The results have been mixed: Either the letters were helpful, allowing focused formal briefing; or the letters were not helpful—“ships passing in the night”—and an oral hearing is held with a decision citing record evidence supporting a denial of the motion. The decision can be delivered orally on the record or through an order filed afterward.

Open Communication Is Key

This leads to my next point: Open communication at the outset of the case is key. My very first contact with counsel is the initial conference, usually by phone, which takes place after counsel have entered an appearance for all parties. I ask counsel to bring me up to speed on the case and tell me what I don’t already know from the complaint and answer (if one has been filed). Settlement discussions? Key issues? Anticipated problems? To be sure, serious motions that address strictly legal or constitutional issues are welcomed—and welcomed early in the case. This too is discussed with counsel in the initial phone call. Ruling on these motions can help resolve a case early, by settlement or otherwise. Lengthy and expensive discovery is avoided. Sometimes I stay all legal filings for 30 or 60 days if an early settlement is likely. When good lawyers do not need court help, our rigid rules often get in the way.

I also take a robust view of the initial disclosure requirement under Federal Rule 26(a)(1). I encourage counsel to “turn their cards over” at the outset of the case—meaning not simply exchanging a list of documents, but the actual documents themselves. If it’s a complicated case, that is, of course, done in stages. I encourage the easy-to-share disclosures before the case management conference. This helps create a realistic case schedule. I sometimes will hold a “combo” conference, which includes a settlement conference, at the outset. In doing so, I try to assist the parties and counsel in resolving the case, and if it does not resolve, we proceed directly into a discussion of the case schedule. A date specific for trial at the outset? Heck no. Unrealistic. But a firm trial month is agreed on—with an exact start date sometime during that trial month set later in the case.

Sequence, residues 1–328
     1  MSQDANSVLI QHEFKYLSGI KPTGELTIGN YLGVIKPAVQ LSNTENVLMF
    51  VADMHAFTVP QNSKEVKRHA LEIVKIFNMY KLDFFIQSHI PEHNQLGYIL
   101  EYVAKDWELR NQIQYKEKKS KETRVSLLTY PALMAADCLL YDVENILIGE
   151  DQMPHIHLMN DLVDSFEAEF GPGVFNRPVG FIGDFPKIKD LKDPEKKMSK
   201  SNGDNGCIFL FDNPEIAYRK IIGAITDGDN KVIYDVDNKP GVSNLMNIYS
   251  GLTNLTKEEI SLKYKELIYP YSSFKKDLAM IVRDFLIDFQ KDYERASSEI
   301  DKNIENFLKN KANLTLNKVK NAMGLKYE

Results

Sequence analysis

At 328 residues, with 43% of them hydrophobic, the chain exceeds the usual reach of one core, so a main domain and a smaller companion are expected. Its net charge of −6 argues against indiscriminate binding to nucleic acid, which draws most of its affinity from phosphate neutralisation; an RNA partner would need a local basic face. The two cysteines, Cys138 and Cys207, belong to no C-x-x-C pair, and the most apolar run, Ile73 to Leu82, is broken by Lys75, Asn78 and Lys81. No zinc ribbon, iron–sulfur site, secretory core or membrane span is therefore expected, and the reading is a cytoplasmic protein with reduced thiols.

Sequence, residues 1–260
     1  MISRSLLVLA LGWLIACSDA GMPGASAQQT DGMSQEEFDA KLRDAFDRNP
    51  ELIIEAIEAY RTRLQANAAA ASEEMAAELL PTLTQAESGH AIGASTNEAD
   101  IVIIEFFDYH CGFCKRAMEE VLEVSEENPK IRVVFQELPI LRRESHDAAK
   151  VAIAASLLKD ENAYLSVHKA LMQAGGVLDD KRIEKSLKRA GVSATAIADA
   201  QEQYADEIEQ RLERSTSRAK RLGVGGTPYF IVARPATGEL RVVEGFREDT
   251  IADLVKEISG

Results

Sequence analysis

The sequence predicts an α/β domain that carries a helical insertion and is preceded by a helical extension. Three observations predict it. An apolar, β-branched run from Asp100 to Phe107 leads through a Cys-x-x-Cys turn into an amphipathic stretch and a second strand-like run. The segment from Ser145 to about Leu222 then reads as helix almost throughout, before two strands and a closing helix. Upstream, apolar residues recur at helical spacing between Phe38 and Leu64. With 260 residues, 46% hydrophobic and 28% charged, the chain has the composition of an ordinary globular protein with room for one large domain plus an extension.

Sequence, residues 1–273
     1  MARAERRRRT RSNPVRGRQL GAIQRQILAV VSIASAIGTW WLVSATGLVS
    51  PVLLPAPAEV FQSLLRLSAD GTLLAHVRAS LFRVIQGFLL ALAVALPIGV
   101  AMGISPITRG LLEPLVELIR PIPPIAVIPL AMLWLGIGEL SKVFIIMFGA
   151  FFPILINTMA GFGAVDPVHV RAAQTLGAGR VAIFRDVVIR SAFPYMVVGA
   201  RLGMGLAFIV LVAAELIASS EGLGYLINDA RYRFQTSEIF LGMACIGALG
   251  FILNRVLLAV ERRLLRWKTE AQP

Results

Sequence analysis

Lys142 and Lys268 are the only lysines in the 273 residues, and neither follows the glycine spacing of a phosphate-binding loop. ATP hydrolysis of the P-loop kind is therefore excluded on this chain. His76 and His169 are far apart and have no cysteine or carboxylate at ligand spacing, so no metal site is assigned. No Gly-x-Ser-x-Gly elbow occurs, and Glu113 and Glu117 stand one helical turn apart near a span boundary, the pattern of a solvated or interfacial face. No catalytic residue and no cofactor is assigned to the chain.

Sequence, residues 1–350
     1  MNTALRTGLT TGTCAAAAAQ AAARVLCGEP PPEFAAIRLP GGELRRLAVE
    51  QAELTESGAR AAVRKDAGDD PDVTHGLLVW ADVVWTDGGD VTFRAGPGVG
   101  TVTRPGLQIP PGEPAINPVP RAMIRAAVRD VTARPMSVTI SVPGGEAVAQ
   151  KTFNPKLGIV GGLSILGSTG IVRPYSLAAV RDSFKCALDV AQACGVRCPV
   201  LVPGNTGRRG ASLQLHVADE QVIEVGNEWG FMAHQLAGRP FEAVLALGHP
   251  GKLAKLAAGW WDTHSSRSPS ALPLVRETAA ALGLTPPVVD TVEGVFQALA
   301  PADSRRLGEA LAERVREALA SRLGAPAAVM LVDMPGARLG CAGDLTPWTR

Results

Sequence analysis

Even with protocols in place, a judge must know when to be “hands on” and when to be “hands off.” Lawyers check up on judges by calling local lawyers who presumably know what buttons to push with a particular judge. Judges can use the internet too—get a feel for lawyers appearing for the first time in their court. With good lawyers, or repeat lawyers, a judge’s involvement can be minimal. If judges can get a sense of the case early on, they can better anticipate what is needed from the court. This way, the court’s time and limited resources are best projected and spent. Essentially, I have transferred to counsel the duty to discuss the case with each other before filing motions and the duty to confer regarding any adjustments to the case schedule. In turn, I make myself available when needed during the case to handle a matter by phone or video. In this way, we avoid unnecessary motion practice.

Appellate courts recognize a judge’s ability to manage the docket. See, e.g., Franke v. Norfolk Southern Ry. Co., No. 21-3848, 2023 U.S. App. LEXIS 11717, at *3 (6th Cir. May 12, 2023) (“Given the broad discretion district courts possess in managing their dockets and the Plaintiffs’ opportunity to be heard on the matter, the district court did not abuse its discretion when it held that additional briefing was unnecessary.”). And as lawyers become more familiar with this procedure, they (not surprisingly) adapt. Acceptance over time. Their buy-in helps ensure cases travel smooth waters. No tsunamis. No shipwrecks. Less motion sickness.